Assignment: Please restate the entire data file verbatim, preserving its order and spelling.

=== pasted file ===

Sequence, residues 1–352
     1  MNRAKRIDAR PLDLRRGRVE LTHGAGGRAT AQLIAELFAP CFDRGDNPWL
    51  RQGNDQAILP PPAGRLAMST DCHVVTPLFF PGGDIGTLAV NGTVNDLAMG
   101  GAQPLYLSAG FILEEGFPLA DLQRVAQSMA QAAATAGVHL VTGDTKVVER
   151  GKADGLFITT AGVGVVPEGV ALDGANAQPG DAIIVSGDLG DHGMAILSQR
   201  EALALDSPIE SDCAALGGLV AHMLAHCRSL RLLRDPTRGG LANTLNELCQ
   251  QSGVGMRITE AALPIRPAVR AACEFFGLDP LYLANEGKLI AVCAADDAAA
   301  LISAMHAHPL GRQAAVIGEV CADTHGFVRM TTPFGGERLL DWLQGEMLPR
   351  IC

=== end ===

Sequence, residues 1–352
     1  MNRAKRIDAR PLDLRRGRVE LTHGAGGRAT AQLIAELFAP CFDRGDNPWL
    51  RQGNDQAILP PPAGRLAMST DCHVVTPLFF PGGDIGTLAV NGTVNDLAMG
   101  GAQPLYLSAG FILEEGFPLA DLQRVAQSMA QAAATAGVHL VTGDTKVVER
   151  GKADGLFITT AGVGVVPEGV ALDGANAQPG DAIIVSGDLG DHGMAILSQR
   201  EALALDSPIE SDCAALGGLV AHMLAHCRSL RLLRDPTRGG LANTLNELCQ
   251  QSGVGMRITE AALPIRPAVR AACEFFGLDP LYLANEGKLI AVCAADDAAA
   301  LISAMHAHPL GRQAAVIGEV CADTHGFVRM TTPFGGERLL DWLQGEMLPR
   351  IC